One of the four pillars on which we stand at The Profitable Firm is rest.
This can seem incongruent with our being a creative agency, or indeed with any type of business operating in the 21st century.
Phrases like “smash it” and “crush it” and “disrupt your market” abound. The high growth, high tech, change-your-world businesses are the ones that last. Surely working harder, more hours, and with more enthusiasm is the key?
All of those things are required for today’s business. But what is also required for that hard work to pay off is consciously taking the time to rest.
What does this mean in practicality? How do you take time for rest when everything around you, from prospects to clients to social media, presses you to keep moving and never stop?
Rest means consciously choosing to take a break.
Within our Slack group for the Profitable Firm, team members will post things like “Brain is full – going for a walk” or “Going for a longer lunch with friends”.
We do this because we need it, and also because it would be so easy as a remote company to continually pressure each other to work every spare second. (Or to give the impression that we were working every second even if that wasn’t the case.)
Rest involves trust. You trust your body and mind to alert you when it’s time for a break, and you take it.
The key is to consciously take a break from what you have been driven to do. Attending events every week? Choose not to go every once in a while. Meeting with clients in person? Hold a few of these virtually. Going out with friends every night? Have a night in.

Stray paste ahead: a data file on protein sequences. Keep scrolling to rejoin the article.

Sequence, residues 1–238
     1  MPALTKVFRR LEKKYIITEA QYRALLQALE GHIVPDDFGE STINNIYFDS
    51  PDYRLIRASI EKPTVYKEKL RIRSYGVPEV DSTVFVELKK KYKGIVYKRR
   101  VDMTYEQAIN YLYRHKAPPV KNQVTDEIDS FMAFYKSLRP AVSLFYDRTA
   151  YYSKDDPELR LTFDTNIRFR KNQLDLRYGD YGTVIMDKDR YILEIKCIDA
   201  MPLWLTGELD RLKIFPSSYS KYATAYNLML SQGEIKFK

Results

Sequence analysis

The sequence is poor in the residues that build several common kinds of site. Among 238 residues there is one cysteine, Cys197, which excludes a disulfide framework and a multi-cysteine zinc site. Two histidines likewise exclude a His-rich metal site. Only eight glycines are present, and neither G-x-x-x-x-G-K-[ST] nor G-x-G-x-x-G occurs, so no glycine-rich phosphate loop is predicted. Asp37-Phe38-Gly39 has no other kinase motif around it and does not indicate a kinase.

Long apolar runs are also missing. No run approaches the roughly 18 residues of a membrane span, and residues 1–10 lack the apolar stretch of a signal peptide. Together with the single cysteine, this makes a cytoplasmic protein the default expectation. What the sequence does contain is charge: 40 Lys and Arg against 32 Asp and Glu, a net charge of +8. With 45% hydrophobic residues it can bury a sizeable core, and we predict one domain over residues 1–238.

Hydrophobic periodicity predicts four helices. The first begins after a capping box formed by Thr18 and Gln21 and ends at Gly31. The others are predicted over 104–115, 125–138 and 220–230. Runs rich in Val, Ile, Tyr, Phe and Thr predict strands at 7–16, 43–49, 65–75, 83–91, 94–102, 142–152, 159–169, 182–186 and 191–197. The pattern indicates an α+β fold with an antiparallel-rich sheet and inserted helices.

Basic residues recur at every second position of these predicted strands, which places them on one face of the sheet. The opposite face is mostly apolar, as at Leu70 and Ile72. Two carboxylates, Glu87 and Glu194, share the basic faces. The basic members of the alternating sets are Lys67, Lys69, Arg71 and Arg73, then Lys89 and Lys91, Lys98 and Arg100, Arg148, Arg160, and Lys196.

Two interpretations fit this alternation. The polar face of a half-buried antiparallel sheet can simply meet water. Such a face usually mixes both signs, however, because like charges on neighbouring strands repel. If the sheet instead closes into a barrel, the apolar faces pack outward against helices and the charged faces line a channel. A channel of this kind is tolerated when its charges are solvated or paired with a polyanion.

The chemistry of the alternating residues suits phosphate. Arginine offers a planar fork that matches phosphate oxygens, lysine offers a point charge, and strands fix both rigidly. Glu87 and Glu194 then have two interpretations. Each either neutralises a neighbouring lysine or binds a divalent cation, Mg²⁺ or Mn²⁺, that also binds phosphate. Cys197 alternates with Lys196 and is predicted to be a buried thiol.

We often default to this type of break when we feel tired, or discouraged, or overworked. But true rest means that sometimes you take this break before the discouragement or weariness kicks in. It’s counter cultural (read on below), but effective.
Consciously choosing rest is a hard thing.
We are hard wired to work, and work hard. To push through and press on and do more and finish the to do list. We feel successful when we’ve achieved, and can feel useless or discouraged if we haven’t.
It’s also counter-cultural.
The very act of rest can be interpreted by others as laziness. Lack of go-getted-ness.
If you pause in the midst of an incredibly busy day to sit quietly with a cup of tea, or go for a walk in the fresh air, or read a few chapters from a new book, or sit back with a few friends in a coffee shop, it would be easy for anyone looking in to say, “Oh well, your life is pretty easy isn’t it? “
They didn’t see you get up at 5am and work for several hours before everyone else started. Or work through the weekend. Or stay up late to finish that new programme on deadline.
The point is, you’re responsible for you. Not for what others think you need to be doing (or not doing). And choosing rest will make you a better worker. A better business owner, mother or father, employee, and person in general.
Rest may mean different things to different people.
My sister is an ultra marathon runner. For her, taking a rest might mean a quick 5-10 mile run. For me, that sounds like work.